Authors: David Dougherty and Roger Gagne, Calgary
(recently exposed rock at the toe of the Athabasca Glacier)
Note: this article was first published in the Calgary Sun on June 3, 2016
After Ralph Klein timidly supporting the fed’s Voluntary Challenge, after empty promises from Ed Stelmach, Alison Redford, and Jim Prentice to cut emissions, improve our energy efficiency and develop our renewable resources, the NDP are now trying to work on many fronts, not by buying expensive ads in American newspapers, but with policies and action.
Talk is cheap, after all. Like Margaret Thatcher said, “Being powerful is like being a lady. If you have to tell people you are, you aren’t.”
In a speech at the 2nd World Climate Conference in November 1990, Thatcher, the Iron Lady with a BSc in chemistry, said, “The danger of global warming is as yet unseen, but real enough for us to make changes and sacrifices so that we do not live at the expense of future generations.”
It’s unseen no longer.
Hundreds of Albertans have lost homes and businesses in floods and fires in recent years, events which both climate scientists and the insurance industry warn will be more frequent in a warming world.
Military leaders, meanwhile, refer to climate change as a security threat; Admiral Samuel Locklear, Pacific commander for the U.S. Navy, passed over China and North Korea to call climate change the greatest threat to U.S. national security in the Pacific.
Every decade since the 1950s has seen higher average global temperatures than the one before. Now this decade is shaping up to be warmer again than the 2000s, by a wide margin.
Gunter claims shutting down coal plants has done nothing for Ontario’s air quality.
The Ontario Ministry of the Environment, however, credits the coal phase-out, as well as the Drive Clean program which reduces harmful exhaust emissions from vehicles, for the fact they announced no smog alert days for Toronto in 2014. Hamilton saw 45 smog days in 2005, 31 in 2007, and 18 in 2012, when the coal phase-out was all but finished. In 2015? Zero smog days in Hamilton.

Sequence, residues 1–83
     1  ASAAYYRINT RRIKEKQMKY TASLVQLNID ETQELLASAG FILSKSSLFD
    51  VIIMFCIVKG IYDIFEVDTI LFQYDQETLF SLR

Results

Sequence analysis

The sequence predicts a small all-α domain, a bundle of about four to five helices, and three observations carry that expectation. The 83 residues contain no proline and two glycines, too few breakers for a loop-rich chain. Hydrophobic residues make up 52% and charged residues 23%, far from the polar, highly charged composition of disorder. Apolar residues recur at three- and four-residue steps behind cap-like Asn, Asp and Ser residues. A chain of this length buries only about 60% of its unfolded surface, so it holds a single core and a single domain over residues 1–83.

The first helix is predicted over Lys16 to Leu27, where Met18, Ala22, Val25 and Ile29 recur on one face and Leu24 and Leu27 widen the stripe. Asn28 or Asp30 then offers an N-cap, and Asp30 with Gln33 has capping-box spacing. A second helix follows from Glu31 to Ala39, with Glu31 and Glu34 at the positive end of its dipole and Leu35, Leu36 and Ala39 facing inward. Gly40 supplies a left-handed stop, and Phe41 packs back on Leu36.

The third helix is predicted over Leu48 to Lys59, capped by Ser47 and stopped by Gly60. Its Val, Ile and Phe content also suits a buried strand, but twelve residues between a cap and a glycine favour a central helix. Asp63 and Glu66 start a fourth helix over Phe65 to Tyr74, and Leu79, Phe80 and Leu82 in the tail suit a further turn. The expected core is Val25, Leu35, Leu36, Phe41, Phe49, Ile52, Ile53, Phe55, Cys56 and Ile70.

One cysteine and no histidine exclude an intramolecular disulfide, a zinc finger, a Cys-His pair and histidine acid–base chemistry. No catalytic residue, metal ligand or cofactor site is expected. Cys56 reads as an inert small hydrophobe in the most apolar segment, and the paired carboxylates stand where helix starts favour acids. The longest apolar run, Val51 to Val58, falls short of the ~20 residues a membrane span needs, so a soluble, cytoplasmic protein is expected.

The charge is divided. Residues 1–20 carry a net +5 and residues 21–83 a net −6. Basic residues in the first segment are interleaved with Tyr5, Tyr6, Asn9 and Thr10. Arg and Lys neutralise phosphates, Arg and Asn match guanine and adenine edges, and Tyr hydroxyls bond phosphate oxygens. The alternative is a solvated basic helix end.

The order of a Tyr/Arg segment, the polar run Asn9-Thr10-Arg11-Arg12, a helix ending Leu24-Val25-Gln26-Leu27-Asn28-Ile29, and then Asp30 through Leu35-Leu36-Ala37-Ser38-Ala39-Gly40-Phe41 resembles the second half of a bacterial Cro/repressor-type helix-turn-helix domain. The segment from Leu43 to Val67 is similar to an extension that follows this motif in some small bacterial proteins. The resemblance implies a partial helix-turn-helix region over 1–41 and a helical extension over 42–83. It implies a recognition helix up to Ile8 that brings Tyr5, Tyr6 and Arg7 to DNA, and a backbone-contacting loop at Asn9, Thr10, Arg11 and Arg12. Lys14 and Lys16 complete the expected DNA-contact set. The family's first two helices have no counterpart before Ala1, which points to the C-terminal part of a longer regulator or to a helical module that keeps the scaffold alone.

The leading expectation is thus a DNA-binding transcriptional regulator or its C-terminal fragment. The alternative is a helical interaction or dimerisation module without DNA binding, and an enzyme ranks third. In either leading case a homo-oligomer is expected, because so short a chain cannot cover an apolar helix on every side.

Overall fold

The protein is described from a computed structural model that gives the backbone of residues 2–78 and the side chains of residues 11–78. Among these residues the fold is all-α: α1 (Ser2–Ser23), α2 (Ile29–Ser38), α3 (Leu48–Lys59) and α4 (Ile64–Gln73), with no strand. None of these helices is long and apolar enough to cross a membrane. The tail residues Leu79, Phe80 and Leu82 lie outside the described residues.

The sooner we begin addressing the air pollution problems in our major cities and downwind of fossil fuel installations, the better for our health.
While Gunter and others like to blame Ontario’s Green Energy Act for their high energy prices, in fact, much more came from cost overruns of nuclear power, upgrades of transmission and grid infrastructure, and a wee $1 billion gas plant scandal that drove Premier Dalton McGuinty out of office.
Gunter would prefer that we hitch our wagon to the dying coal industry. This spring he may not have noticed Arch Coal and Peabody Coal declaring bankruptcy, following 50 other coal bankruptcies since 2012, or China announcing a three-year moratorium on approvals of new coal plants. In January, India’s coal minister tweeted that solar is cheaper than coal power in some instances, and Vietnam’s prime minister announced his government will halt any new coal power development, focusing instead on renewables and efficiency.
Gunter scorns renewable power, yet rooftop solar produces power at the most expensive time of the day, shaving wholesale prices for everyone. It needs no expensive long-distance transmission, reducing load on the grid. Excess power can be stored in batteries, flywheels, pumped water, or even railway cars, for use at night or on very cloudy days.
Study after study over the years, by groups ranging from the Energy Trust of Oregon, to the American Society of Mechanical Engineers, to Alberta’s own Pembina Institute have shown that if we care about job creation, fossil fuels are not the best choice. They’re very capital-intensive and we get large plants, towers, and pipelines, but not many jobs.
In 2009, the U.S. Department of Commerce found that investing $1 million in oil and gas created 4.4 jobs, versus 7 to 8 for wind or solar power, and 17 jobs from improving energy efficiency in homes and buildings.
In a July 2008 interview, some two years after he’d left office, Klein said, “Never in my wildest dreams did I think that global warming would be such a hot issue.”
King Ralph belatedly saw that his government got caught flat-footed, yet promises by later Tory premiers didn’t translate into serious action. Now it’s the NDP’s turn at bat, and in the cheering section are not only energy CEOs together with Alberta doctors and mayors, but also a few well-known Conservatives. At a May 2015 panel hosted in Calgary by Canada’s EcoFiscal Commission, Alberta’s former treasurer, Jim Dinning said, “My electricity bill, and my home heating bill, should have a line item saying ‘Alberta’s Carbon Tax’ … Leadership is what’s needed. Politicians need steel in their spines to say ‘We’re going to help you change your behaviour’.”
It’s high time we get serious about protecting the Earth and each other using the best technology we have available.
Pricing carbon and building alternative energy can be a driver in Alberta’s new economy, bringing with it cleaner air and water, more jobs, international competitiveness, and a better shot at maintaining a stable climate for our children.
Bio: David Dougherty and Roger Gagne are members of CCAN, the Calgary Climate Action Network